Ba’al Shem Tov, quoted by Mekor Chesed, ibid. states that one may shukel – but not during Shmoneh Esrei. “Teffilah (i.e. Shmoneh Esrei) is like being paired with the Divine Presence…therefore, one must shake himself at the beginning [of prayer]. After this (i.e. during Shmoneh Esrei) one is able to stand without movement. [This is because] he will be connected with the Divine Presence with a great connection.”

Perush Azulai on Sefer Chasidim, ibid. says one should not shukel during Shmoneh Esrei. “Rabbi and Kabbalist Yisroel Saruk and his student Ramah, may their memories be blessed, write that one should not shake his body during the recitation of Shmoneh Esrei since it (Shmoneh Esrei) is like standing before the King.”

The most stringent source against shukeling during Shmoneh Esrei is Shlah (quote found in Nesiv Binah, vol. 1, pg. 96). He emphatically states that not moving will give one more concentration. He proves it by saying that nobody has ever gone to a king to ask for something while shaking – kal v’chomer before Hashem. “Standing without any movement at all [during Shmoneh Esrei] will help one concentrate. The verse that states kol atzmosai tomarnah (and is a source for shukeling) is only in reference to shiros, tishbachos, blessings on Shema, and during Torah learning – but not during Shmoneh Esrei. If somebody should challenge you and say that one should also sway during Shmoneh Esrei, it would appear to me that such a person should be ignored. Ones own experience will prove that standing without any movement at all during Shmoneh Esrei will cause ones heart to concentrate. One should check it out himself: would a person ever ask requests from a human king while his body is swaying like the trees in the forest due to the wind?!”

What is the practical law?

Rabbi Dr. Joseph Breuer zt”l, in an essay entitled “Our Way,” (A Unique Perspective, pg. 384) points out that it was a hallmark of German Jewry – and others – that they did not shukel during teffilah. “The same holds true for our posture during the Teffilah. The Halacha is silent on the preference of a stationary versus a moving position in regard to the intensity of kavonoh during the Teffilah. The sainted Ari Ha-kadosh, and with him many of our Torah Greats, assumed stationary positions during the Teffilah – and they were certainly not German Jews.”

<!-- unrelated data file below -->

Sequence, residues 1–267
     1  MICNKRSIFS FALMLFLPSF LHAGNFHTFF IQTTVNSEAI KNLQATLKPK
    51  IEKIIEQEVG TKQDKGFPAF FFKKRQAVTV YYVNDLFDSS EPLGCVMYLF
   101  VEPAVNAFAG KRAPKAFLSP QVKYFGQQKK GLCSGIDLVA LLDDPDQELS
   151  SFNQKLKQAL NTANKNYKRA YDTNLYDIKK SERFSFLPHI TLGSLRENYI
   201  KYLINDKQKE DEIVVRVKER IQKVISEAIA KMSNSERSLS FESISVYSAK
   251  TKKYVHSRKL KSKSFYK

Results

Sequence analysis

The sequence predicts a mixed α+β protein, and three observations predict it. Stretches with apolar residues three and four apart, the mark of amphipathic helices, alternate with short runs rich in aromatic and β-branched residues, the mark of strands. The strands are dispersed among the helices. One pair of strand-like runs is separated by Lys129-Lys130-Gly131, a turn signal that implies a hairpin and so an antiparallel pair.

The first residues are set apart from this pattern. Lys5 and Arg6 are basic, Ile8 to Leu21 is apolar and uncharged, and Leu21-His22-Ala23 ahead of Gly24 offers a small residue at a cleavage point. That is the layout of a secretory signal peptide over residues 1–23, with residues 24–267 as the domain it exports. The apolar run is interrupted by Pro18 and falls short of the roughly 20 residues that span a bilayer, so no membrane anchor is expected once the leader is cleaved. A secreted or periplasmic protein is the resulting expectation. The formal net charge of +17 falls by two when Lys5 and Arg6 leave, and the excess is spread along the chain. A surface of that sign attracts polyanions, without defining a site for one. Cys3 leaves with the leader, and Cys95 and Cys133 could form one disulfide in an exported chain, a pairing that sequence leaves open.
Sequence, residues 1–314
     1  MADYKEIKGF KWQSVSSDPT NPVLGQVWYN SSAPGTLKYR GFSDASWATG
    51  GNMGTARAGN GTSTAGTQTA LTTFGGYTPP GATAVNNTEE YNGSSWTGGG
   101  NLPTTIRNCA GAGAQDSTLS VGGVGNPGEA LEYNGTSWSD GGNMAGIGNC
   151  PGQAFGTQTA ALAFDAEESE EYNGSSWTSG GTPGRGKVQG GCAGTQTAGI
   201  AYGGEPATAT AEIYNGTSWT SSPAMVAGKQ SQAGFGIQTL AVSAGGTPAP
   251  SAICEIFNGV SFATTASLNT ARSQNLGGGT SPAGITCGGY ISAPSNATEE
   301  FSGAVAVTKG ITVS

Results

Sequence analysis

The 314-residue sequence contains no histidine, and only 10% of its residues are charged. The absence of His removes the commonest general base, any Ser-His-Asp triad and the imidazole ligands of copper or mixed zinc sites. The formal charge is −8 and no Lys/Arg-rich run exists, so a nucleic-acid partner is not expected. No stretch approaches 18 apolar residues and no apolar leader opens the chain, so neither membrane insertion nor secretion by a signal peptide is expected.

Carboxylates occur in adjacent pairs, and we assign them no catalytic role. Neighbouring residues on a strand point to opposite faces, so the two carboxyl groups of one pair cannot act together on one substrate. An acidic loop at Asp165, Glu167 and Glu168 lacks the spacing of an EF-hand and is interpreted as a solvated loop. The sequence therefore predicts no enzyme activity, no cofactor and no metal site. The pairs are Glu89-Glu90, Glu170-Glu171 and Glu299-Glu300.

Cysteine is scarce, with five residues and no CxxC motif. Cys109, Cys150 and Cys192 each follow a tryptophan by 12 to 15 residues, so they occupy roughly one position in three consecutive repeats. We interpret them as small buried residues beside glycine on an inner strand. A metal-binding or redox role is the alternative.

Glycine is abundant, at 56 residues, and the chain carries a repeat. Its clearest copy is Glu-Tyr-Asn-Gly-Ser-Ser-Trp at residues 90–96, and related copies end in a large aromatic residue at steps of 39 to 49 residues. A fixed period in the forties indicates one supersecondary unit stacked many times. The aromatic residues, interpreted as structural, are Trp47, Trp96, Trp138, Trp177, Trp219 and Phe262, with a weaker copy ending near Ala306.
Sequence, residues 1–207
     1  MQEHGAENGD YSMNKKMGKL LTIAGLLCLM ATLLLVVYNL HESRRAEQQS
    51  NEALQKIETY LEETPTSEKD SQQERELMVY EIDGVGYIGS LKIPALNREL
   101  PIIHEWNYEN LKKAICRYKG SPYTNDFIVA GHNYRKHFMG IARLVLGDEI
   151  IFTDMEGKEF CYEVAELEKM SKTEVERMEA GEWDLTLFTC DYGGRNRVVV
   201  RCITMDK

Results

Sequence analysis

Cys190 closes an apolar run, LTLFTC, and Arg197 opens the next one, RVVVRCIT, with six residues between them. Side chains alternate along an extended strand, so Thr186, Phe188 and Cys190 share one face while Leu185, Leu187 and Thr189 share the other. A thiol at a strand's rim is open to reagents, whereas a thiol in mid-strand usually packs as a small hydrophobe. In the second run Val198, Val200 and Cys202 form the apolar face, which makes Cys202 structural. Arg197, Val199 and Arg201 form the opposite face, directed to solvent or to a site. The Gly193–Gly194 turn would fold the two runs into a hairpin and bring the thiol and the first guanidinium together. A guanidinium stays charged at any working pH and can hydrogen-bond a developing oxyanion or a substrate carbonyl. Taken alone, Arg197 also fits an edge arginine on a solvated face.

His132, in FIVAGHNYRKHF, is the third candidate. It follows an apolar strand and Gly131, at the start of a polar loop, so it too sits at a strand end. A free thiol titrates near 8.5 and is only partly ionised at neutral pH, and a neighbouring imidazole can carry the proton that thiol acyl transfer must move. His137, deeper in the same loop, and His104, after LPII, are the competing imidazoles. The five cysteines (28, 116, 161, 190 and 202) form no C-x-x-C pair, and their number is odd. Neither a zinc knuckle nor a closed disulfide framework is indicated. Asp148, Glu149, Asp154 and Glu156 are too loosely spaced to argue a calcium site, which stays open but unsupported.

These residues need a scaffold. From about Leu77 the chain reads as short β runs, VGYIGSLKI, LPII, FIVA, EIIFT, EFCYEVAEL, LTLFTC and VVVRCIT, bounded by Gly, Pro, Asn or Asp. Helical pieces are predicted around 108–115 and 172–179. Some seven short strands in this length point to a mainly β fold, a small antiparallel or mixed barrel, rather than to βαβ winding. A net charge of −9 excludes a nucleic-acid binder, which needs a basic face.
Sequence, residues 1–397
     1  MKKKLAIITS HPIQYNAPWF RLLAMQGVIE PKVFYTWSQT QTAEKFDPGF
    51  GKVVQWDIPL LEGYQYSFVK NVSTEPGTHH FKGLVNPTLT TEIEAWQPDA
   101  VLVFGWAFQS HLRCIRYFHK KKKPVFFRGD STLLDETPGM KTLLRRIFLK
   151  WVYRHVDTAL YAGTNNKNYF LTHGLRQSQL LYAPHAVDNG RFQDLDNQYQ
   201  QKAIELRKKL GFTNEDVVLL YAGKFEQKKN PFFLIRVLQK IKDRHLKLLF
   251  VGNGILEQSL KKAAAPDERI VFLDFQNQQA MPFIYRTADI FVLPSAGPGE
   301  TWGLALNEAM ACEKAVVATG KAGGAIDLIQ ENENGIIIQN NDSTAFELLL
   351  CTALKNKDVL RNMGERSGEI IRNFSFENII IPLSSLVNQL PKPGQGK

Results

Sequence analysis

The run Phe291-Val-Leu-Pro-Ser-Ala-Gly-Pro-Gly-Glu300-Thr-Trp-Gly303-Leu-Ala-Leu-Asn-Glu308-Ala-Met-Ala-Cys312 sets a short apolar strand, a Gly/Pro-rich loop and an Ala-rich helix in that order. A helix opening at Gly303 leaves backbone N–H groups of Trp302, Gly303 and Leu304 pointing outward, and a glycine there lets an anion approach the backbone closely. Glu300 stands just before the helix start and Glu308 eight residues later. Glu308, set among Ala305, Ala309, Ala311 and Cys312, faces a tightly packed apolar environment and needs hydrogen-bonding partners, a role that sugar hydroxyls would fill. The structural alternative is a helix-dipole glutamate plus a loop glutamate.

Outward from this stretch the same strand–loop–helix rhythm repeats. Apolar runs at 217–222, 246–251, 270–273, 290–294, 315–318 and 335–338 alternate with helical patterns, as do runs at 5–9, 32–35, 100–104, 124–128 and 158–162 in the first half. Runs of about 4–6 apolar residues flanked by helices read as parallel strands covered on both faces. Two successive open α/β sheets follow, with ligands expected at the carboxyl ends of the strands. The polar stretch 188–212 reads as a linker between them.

Normative Halacha says as follows: Aruch Hashulchan ibid, and Mishnah Berurah 48:5, come to the same conclusion – one may do whatever is desired. Whatever allows one to concentrate better is the proper thing to do.

Aruch Hashulchan, “During Shemoneh Esrei, some sway and some do not. This is contingent on one’s nature. If one finds that they will concentrate better while shukeling then it is proper for that person to shukel. There are those individuals that will have a clearer ability to concentrate while standing completely still – they should not shukel. It is all proper as long as it is done for the Sake of Heaven.”

Mishnah Berurah, “There are those poskim that argue and say that during teffilah one should not shukel. [They are of the opinion that it is permitted all other times] during pesukei d’zimra, the blessings on Shema, and during Torah Learning, even of the Oral Law, the custom is to shukel. Magen Avraham writes that one may choose either method. It is all according to the individual – if one concentrates better by shukeling, let him shukel, and if not, let him stand [still] – as long as his heart is able to concentrate.

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Yalkut Yosef (vol. 1 1:footnote18) holds that those that sway in prayer to bring Kawana have sources to rely on. Obviously, he has some Sevara that it awakens Kawana.

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Not necessarily. Maybe he is just saying that that is the only conceivable reason that it would be appropriate. – mevaqesh May 10 at 16:34